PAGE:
Survey shows Minnesota youth tobacco use rising for the first time in 17 years
Youth e-cigarette use up 50 percent since 2014
A new survey shows for the first time since 2000, overall youth tobacco use has increased in Minnesota, with 26.4 percent of high school students using some form of tobacco or nicotine, up from 24.6 percent in 2014.
Youth e-cigarette use is at its highest point ever recorded.
The rapid uptake of e-cigarettes and other vaping devices has quickly reversed a long-term trend of declining teen tobacco use in Minnesota, according to new results from the Minnesota Youth Tobacco Survey. The new data show one in five high school students use e-cigarettes, a nearly 50 percent increase since the data were last collected in 2014. At the same time, youth cigarette smoking has reached an all-time low. Less than 10 percent of high school students now smoke cigarettes – a 70 percent drop since 2000.
E-cigarettes pose a serious health risk.
Nearly all e-cigarettes contain nicotine, which can harm brain development as teens grow. No amount of nicotine is safe for youth. Adolescence is a critical window for brain growth and development, when the brain is still “under construction”; there could be negative implications for learning, memory, and attention. Evidence also suggests that nicotine primes the adolescent brain for addiction, increasing the risk of future addictions not only to tobacco, but other substances like illicit drugs.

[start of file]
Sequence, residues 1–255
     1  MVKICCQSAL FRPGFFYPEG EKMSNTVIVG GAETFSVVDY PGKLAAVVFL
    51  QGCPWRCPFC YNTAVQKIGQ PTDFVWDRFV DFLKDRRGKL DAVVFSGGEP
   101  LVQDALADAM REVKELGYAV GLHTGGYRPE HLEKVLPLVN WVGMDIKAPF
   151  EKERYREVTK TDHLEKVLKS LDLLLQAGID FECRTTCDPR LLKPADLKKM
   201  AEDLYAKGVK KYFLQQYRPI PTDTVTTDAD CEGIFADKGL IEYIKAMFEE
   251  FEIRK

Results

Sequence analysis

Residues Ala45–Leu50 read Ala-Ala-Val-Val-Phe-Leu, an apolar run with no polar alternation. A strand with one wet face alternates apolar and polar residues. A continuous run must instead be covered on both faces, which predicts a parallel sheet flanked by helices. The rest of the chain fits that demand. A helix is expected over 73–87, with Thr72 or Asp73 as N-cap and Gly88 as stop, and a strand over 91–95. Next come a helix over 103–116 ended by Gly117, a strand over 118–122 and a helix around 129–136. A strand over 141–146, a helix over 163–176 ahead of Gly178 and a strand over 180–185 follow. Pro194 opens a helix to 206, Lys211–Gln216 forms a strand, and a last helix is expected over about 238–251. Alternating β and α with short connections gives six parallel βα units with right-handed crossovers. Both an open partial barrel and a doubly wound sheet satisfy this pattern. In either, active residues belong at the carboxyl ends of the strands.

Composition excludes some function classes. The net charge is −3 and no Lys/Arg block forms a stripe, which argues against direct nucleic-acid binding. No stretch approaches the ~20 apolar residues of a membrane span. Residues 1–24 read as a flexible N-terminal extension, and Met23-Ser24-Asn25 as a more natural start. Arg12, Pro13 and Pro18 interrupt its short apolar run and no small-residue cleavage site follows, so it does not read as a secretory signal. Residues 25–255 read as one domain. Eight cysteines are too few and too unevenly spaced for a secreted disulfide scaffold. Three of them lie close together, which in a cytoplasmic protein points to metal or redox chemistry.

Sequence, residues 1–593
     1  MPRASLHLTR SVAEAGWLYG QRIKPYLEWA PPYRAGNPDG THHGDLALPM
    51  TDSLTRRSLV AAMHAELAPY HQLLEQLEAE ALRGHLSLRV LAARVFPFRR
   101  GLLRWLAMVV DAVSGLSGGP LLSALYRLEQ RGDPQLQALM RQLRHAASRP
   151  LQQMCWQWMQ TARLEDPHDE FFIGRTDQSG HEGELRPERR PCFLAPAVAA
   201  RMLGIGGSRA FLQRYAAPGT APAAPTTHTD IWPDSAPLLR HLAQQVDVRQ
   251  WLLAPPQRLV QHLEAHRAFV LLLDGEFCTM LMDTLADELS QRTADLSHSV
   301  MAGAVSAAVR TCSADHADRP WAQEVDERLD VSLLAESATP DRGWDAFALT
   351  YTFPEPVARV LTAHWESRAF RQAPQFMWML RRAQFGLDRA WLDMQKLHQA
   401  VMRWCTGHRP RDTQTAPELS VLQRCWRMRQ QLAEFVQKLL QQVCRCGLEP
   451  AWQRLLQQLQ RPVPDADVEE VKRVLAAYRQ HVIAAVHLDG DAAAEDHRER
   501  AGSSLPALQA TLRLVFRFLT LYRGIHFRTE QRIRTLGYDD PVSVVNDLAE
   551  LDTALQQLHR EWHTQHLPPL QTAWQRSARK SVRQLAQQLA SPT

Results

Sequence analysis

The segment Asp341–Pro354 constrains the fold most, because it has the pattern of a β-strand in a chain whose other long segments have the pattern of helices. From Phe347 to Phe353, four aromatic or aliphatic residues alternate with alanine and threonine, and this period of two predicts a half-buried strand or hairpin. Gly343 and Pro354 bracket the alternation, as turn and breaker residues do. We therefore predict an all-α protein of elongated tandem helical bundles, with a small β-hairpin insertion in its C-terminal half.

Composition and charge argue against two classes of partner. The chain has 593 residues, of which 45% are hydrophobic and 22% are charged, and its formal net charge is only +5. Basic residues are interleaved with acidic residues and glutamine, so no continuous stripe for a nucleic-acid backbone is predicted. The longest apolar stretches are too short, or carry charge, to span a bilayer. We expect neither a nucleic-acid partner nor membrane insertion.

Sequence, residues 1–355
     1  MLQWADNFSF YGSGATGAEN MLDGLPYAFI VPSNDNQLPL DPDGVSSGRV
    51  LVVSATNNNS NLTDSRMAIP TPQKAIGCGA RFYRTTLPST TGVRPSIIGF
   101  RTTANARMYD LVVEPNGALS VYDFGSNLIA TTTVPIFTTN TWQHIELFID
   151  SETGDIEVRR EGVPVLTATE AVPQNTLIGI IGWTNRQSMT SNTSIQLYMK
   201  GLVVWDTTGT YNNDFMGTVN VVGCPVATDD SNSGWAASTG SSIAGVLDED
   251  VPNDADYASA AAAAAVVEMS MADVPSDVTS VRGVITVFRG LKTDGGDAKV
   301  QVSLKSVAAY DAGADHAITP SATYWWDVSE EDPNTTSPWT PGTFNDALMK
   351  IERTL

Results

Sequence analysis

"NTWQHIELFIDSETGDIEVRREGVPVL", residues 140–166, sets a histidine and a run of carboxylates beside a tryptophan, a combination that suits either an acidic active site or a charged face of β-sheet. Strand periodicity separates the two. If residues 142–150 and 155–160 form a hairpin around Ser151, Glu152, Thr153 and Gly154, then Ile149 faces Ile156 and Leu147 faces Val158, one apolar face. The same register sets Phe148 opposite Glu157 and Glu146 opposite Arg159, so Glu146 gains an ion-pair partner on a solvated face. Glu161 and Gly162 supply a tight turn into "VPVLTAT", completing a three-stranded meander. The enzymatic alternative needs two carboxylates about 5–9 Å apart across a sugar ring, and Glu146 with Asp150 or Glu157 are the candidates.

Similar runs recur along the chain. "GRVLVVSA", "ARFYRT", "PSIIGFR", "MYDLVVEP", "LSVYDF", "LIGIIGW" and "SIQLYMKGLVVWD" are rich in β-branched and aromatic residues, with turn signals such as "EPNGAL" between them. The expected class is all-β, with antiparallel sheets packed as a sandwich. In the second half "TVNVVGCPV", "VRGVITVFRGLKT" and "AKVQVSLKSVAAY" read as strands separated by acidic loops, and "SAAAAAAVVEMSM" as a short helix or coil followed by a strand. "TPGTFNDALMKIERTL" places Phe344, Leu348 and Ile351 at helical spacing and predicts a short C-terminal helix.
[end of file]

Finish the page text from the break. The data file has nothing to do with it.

Recent evidence also suggests that, compared to youth who have never used them, youth who have tried e-cigarettes are twice as likely to start smoking in the future.
Communities are taking action to reduce youth tobacco use.
Tobacco control has many highly effective, evidence-based strategies to prevent youth initiation and reduce youth access. Local communities are working to:
- Increase the minimum sales age to 21.
- Reduce youth access to e-cigarettes and other vaping devices.
- Limit flavored and menthol tobacco sales.
- Increase the minimum pack and price of cigars.
- Increase compliance and enforcement efforts of youth access laws.
About the survey
The Minnesota Youth Tobacco Survey (MYTS), conducted since 2000 by the Minnesota Department of Health, is a representative sample survey, which provides comprehensive, in depth information on the tobacco use of young people and to design and evaluate prevention efforts. The seventh MYTS was conducted in 2017 and included participation from 4,112 students from 70 public schools.
- Fact Sheet Youth Tobacco Use Rises for First Time in 17 Years (PDF)
- Report Teens and Tobacco in Minnesota: Highlights from the 2017 Minnesta Youth Tobacco Survey
- Data Highlights from the 2017 Minnesota Youth Tobacco Survey (PDF)
- Is it safe to use electronic cigarettes while pregnant? (ALA)
- Know the Risks: E-cigarettes and Young People (CDC)
- Should I Talk to My Kids About Vaping? (PAN)
- Talk with Your Teen About E-cigarettes: A Tip Sheet for Parents (PDF) (CDC)
More on e-cigarettes and nicotine
- E-cigarettes and Other Vaping Products